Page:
For example, and not by way of limitation, a specific embodiment of the invention may be practiced as follows (and see the Itrel II Physician Instruction Manual published by Medtronic, regarding the system for sacral nerve stimulation). The lower edge of the cricoid and PCA muscles may be exposed by surgical dissection. Then, using a trochar, a tunnel may be made between the PCA muscle and the cricoid cartilage. An electrode of a neural stimulator, such as the Itrel II System described above (e.g. a linear electrode array), may then be passed through the trochar. The trochar may be removed, and the electrode fixed in position by suturing a plastic anchor to the inferior border of the cricoid cartilage. During such a procedure, it is desirable (1) not to surgically expose the muscle, as this may cause scarring; (2) to place the electrode between the muscle and the cartilage; and (3) to anchor the electrode at the location where it exits the muscle.

The foregoing embodiments may also incorporate the following features. In a specific, nonlimiting embodiment of any of the foregoing methods, a matrix of electrodes may be implanted into the PCA such that the geometry of the electrode configuration may be changed after implant in order to optimize the degree of abduction associated with a particular stimulus intensity, given the variability in electrode placement which may be associated with certain implantation techniques, such as blind trocar placement. In a related embodiment, such an array of electrodes permits alteration in the geometry of the electrode configuration subsequent to changes in the geometry of the PCA which may, for example, occur as a result of the reversal of disuse atrophy which may be caused by chronic electrical stimulation.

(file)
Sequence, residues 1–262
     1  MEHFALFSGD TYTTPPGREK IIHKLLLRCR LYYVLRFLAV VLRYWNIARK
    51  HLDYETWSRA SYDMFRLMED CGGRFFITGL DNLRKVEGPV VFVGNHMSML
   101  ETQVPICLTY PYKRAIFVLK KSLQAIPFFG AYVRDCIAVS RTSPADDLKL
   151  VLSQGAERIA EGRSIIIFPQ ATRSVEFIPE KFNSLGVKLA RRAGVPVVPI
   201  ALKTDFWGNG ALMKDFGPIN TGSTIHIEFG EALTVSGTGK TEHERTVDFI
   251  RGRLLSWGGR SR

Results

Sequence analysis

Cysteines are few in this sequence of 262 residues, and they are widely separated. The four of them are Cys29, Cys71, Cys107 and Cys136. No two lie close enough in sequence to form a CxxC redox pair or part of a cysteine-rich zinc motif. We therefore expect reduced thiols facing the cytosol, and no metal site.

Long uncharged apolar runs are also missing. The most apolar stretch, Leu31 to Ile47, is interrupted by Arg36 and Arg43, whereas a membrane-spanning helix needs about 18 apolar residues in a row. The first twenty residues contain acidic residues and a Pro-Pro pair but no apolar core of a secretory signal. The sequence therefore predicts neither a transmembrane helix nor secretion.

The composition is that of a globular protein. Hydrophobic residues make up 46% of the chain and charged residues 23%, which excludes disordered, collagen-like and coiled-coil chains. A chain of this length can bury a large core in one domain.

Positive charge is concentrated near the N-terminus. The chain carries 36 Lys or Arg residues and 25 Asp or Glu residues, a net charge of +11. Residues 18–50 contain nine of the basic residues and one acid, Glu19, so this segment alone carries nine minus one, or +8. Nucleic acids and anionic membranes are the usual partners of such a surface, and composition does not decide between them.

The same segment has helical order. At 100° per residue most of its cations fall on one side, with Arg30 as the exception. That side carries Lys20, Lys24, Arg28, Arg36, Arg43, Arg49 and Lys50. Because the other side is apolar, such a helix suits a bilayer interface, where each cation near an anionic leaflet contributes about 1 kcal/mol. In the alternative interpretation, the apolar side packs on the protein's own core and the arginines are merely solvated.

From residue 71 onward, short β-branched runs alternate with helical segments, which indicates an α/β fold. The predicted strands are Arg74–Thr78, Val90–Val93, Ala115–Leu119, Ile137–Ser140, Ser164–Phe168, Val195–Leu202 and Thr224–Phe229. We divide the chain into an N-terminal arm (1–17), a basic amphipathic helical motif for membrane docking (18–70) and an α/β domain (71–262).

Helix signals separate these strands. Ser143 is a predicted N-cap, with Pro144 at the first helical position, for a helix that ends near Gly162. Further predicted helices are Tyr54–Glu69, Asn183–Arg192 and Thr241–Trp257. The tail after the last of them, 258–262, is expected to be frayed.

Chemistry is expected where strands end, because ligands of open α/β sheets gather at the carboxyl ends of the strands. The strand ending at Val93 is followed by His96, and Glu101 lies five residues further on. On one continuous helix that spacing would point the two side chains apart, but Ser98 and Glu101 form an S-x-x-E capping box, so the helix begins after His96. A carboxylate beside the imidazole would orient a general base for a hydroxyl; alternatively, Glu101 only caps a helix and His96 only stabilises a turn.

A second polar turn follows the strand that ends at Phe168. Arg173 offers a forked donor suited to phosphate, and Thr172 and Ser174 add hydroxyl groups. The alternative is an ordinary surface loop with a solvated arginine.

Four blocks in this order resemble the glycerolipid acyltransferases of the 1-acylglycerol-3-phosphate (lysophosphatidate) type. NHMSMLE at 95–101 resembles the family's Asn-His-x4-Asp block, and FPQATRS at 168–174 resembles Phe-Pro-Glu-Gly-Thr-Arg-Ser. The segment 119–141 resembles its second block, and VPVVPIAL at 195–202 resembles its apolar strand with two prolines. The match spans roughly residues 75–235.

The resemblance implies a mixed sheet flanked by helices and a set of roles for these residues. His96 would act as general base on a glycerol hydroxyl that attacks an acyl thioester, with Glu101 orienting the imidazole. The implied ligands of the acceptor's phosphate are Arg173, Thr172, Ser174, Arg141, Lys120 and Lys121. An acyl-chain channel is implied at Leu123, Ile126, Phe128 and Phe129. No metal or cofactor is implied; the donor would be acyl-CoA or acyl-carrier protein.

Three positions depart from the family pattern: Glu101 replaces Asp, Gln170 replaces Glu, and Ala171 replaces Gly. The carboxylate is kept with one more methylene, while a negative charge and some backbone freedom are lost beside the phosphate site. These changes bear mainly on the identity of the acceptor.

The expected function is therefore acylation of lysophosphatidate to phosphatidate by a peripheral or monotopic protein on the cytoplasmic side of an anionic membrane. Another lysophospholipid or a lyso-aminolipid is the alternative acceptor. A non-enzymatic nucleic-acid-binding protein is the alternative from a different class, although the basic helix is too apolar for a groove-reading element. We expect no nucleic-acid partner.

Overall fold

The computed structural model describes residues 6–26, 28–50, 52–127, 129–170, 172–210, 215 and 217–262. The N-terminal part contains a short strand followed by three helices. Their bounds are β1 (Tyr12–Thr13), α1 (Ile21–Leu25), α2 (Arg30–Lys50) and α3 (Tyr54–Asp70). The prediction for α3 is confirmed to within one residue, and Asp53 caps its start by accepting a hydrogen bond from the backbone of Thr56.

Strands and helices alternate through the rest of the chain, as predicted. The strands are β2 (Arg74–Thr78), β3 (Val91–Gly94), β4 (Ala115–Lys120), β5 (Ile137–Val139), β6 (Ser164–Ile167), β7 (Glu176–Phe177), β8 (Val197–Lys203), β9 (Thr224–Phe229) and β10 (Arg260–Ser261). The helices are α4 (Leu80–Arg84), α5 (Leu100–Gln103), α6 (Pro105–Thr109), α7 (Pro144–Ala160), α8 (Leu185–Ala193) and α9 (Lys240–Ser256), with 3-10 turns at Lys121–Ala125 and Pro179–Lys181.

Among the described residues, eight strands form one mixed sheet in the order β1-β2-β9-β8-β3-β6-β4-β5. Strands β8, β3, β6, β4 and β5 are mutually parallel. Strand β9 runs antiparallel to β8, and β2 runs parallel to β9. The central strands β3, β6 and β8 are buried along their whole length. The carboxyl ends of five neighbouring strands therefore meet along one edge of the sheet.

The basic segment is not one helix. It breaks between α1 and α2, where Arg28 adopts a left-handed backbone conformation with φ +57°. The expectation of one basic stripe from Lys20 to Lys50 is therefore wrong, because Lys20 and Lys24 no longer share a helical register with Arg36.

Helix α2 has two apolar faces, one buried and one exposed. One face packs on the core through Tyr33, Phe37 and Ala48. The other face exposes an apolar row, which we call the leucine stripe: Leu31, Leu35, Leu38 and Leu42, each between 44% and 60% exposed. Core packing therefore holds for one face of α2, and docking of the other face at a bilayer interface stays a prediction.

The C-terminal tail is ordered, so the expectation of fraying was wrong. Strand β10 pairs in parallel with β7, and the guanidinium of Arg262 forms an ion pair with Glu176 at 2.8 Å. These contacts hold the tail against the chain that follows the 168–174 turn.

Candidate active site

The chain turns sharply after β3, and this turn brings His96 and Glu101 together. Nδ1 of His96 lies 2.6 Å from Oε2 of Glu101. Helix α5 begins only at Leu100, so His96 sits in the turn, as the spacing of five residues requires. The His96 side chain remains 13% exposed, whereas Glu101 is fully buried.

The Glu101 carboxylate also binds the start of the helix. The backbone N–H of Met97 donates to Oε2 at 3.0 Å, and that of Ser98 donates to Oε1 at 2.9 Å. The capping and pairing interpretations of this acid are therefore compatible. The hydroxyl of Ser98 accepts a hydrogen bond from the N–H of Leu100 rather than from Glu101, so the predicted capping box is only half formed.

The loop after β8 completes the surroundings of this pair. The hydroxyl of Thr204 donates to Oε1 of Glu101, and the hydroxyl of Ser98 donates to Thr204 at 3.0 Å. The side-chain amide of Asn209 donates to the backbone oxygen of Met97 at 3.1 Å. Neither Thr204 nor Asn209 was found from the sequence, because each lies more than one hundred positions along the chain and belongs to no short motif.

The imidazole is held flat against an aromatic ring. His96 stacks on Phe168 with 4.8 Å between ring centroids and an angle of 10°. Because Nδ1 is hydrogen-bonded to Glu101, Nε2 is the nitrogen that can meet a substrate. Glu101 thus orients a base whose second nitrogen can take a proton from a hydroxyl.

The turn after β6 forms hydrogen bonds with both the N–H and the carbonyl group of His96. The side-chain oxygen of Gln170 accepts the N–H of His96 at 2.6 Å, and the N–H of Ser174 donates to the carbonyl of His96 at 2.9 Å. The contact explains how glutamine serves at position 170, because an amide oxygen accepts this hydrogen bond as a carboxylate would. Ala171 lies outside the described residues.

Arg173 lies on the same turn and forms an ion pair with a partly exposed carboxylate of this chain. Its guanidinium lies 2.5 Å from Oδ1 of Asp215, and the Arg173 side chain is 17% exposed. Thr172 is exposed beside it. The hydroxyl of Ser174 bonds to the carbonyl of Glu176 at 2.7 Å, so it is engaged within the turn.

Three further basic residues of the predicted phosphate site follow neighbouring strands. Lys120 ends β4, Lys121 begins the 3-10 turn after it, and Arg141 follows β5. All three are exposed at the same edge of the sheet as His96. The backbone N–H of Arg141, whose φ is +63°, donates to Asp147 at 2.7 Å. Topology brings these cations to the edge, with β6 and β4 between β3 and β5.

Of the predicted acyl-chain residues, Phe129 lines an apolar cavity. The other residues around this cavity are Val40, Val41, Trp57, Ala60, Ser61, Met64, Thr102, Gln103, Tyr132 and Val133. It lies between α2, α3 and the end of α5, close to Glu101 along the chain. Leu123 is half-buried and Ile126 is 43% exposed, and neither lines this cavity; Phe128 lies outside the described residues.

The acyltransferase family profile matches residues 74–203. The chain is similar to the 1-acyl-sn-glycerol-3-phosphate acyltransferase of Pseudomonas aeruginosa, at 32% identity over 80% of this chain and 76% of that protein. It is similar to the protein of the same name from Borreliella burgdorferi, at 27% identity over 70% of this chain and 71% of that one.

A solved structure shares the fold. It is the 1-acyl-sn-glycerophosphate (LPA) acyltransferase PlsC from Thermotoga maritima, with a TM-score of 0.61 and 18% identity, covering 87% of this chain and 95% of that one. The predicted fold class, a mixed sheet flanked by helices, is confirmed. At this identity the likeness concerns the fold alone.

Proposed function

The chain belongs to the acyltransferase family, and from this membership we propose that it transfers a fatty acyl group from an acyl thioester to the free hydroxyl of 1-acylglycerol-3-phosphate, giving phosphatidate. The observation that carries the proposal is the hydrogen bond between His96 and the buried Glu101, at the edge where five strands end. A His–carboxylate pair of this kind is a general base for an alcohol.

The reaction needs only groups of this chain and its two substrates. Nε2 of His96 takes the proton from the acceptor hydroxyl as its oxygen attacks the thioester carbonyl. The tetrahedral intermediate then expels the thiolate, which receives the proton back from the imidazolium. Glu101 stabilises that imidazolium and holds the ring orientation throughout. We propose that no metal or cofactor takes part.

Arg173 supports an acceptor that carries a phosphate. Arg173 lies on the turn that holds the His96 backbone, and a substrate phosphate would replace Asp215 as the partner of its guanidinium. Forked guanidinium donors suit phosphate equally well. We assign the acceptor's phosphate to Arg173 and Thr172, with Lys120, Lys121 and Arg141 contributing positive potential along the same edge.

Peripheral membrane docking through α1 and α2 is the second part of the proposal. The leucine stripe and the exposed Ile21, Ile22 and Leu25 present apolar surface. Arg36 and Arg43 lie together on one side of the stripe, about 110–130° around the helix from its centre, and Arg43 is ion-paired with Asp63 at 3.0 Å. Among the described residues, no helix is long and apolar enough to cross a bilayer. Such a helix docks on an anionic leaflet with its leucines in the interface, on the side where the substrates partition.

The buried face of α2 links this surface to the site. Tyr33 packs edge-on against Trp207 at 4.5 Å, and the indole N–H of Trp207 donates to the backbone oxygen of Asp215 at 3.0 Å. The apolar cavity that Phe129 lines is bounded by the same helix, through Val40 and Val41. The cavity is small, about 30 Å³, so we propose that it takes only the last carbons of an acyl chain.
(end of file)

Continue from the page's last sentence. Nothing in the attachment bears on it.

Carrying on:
The present invention is supported by data from experiments in which three dogs underwent recurrent laryngeal nerve section and implantation of an Itrel neural stimulator using an inferior surgical approach, as described above. The PCA muscles were then continuously stimulated for three months using a 1.5 seconds on, 8 seconds off schedule. Vocal cord abduction was observed to range from 1-2 mm in all dogs during this period. After the three month period, the dogs were sacrificed and the PCA muscles excised. Histology of the PCAs showed retention of normal appearing muscle fibers, indicating that chronic stimulation was not associated with significant muscle histopathology.

Various publications are cited herein, which are hereby incorporated by reference in their entireties.

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Reference
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Classifications
U.S. Classification607/42
International ClassificationA61N1/36
Cooperative ClassificationA61N1/3601
European ClassificationA61N1/36C